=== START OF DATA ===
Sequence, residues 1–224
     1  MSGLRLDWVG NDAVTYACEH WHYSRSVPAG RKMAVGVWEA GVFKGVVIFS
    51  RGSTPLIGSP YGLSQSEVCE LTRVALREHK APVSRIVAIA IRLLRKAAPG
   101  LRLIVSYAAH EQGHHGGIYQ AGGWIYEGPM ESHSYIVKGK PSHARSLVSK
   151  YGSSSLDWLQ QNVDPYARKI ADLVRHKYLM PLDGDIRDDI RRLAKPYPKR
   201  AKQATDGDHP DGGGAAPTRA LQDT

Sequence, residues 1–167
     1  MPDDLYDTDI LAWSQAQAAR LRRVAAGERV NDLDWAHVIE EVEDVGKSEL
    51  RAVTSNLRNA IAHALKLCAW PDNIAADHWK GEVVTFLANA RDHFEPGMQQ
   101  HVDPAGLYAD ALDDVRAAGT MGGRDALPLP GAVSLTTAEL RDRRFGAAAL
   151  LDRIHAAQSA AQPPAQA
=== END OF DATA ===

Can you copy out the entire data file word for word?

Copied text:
Sequence, residues 1–224
     1  MSGLRLDWVG NDAVTYACEH WHYSRSVPAG RKMAVGVWEA GVFKGVVIFS
    51  RGSTPLIGSP YGLSQSEVCE LTRVALREHK APVSRIVAIA IRLLRKAAPG
   101  LRLIVSYAAH EQGHHGGIYQ AGGWIYEGPM ESHSYIVKGK PSHARSLVSK
   151  YGSSSLDWLQ QNVDPYARKI ADLVRHKYLM PLDGDIRDDI RRLAKPYPKR
   201  AKQATDGDHP DGGGAAPTRA LQDT

Sequence, residues 1–167
     1  MPDDLYDTDI LAWSQAQAAR LRRVAAGERV NDLDWAHVIE EVEDVGKSEL
    51  RAVTSNLRNA IAHALKLCAW PDNIAADHWK GEVVTFLANA RDHFEPGMQQ
   101  HVDPAGLYAD ALDDVRAAGT MGGRDALPLP GAVSLTTAEL RDRRFGAAAL
   151  LDRIHAAQSA AQPPAQA